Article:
Review copy provided by developer
There’s a question that I see asked less and less often in the building sim genre, and that’s how you want to build things. I don’t mean where you want to put buildings or even if you want to do modern or classical or sci-fi cities. What I’m talking about is how you tackle problems of growth. The cornerstones of the genre like SimCity and Anno offered you options that allowed each of your cities to feel like distinct places shaped by their circumstances, whether they be clean, high-tech metropolises or filthy industrial hellholes. Newer indie builders like Depraved don’t seem as keen on offering similar options to players, instead forcing them to follow the same paths of development on every map, and leaving the challenge to fitting those same paths into different spaces.
Before you ask, no, I don’t know why the game is called Depraved. There’s nothing depraved about building a burgeoning frontier town in the old west, at least until you start encroaching on Native American territory. Starting from a single well-stocked settler wagon, you must construct a town for pioneers and gunslingers, providing them housing, services like doctors and saloons, and the production facilities to keep everything running. As the town grows you’ll expand from hunting wildlife to farming, baking bread, and brewing booze, open mines and smelt ores, and eventually start new towns of your own to trade with. But the frontier can be a harsh and unforgiving place, with vicious wildlife, foul bandits, and the land’s original inhabitants, none of whom are going to be very welcoming.
When you start a new game you’re given the option to turn off all those threats, and I heartily encourage you to do so while learning the game. Depraved isn’t a complicated building sim, and the camera controls, building hierarchy, and resource management is going to be immediately familiar to anyone who’s touched the genre before. The learning curve here is really based on some of the quirks of the economy, like how essential buildings are sometimes locked behind population requirements or how a key resource for all buildings is one of the last things you can produce yourself. You may need a few practice starts to learn all the specific pitfalls here before you really get going on a town, but it’s mostly an intuitive process.
Once you get your little hamlet humming, you’re certain to notice limitations cropping up as you expand. The first is at your town hall, as you can only build within a limited radius of this original structure. You can pay hefty, increasing sums of money to expand that radius, but it won’t always be easy to save up the cash within the confines of your current borders. Money flow is probably the biggest hurdle in Depraved, as you need to build residences to bring in money, but larger populations need more services, which will cost you in upkeep. You may find yourself in situations where you need to leave the town running in a stable state for twenty or thirty minutes to save up the money for your next building spree. I’ve been working hard to gain access to the second of three citizen types, but the limitations of land and money have been holding me back as I keep expanding my current homes and services just to improve my cash flow enough.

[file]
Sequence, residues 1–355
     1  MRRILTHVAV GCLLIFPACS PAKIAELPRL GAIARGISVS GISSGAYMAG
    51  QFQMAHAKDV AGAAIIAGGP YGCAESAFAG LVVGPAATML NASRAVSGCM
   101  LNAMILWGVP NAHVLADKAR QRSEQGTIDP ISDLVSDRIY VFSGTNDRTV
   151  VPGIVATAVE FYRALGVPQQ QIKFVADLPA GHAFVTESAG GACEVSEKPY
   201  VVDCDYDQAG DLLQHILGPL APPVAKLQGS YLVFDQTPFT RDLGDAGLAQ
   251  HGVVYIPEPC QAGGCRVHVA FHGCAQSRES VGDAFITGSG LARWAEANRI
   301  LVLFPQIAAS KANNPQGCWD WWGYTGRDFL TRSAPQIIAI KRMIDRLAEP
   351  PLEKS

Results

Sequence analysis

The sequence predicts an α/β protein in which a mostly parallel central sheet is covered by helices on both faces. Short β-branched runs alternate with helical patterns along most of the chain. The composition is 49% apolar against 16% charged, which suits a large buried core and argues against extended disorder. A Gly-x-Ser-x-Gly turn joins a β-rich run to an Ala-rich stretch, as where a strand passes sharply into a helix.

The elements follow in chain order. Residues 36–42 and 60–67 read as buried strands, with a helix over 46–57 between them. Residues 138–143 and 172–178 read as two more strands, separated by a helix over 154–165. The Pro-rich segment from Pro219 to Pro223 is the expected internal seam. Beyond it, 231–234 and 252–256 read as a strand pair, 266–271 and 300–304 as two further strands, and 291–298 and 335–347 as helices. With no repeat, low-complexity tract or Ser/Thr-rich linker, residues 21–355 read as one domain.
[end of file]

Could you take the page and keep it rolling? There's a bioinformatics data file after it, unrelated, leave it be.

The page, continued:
It’s in these moments of waiting to play the game again that you really start breaking down what it is you’re doing here. There’s a very clear progression to the buildings in Depraved, with new structures like butchers and bakers unlocking when you have enough citizens to need them. But there’s no alternatives to any of these, no options to skip the pig ranches or potato farms on a particular map. You need every building to grow your cities, always in the same order and always arranged the same way for maximum efficiency. The randomly-generated maps will sometimes demand some clever placement, due to mountains or rivers or bears in your way, but ultimately every one of your towns in this game will have the same features and grow in roughly the same way.
Is it fun, building cookie-cutter Wild West towns like this? It is, honestly. If you want to compare it to something like Banished, it’s probably got even less variety but more character in the setting and details like little shootouts with bandits. There’s the loosest of RTS aspects to the game if hostile entities are turned on, because you can direct your citizens to move and attack directly. Also, enemies will torch your buildings if they get the chance, and in fine RTS tradition, if they burn down your town hall, your whole town self-destructs. Honestly I don’t normally play builders for conflict, and the foes in Depraved are particularly aggressive, which can really put a damper on your construction plans. On the other hand, turning aggressors off seems to completely eliminate the need for some buildings, so it’s hard to say which way you should go on this count.
More than anything else, it’s the lack of variety that hurts Depraved the most. Your lack of options in how you build your town is going to become very apparent on your second or third attempt. And there’s no campaign or scenarios, just random maps to play on, which only exacerbates the problem. It’s a decent enough builder at heart, with a dozen or so hours to really see everything that your town is capable of. Once you’ve seen that, though, you’ve seen it all. In terms of variety, there are far better builders out there than Depraved, but if you want that particular Wild West flavor, this isn’t all that bad a place to find it.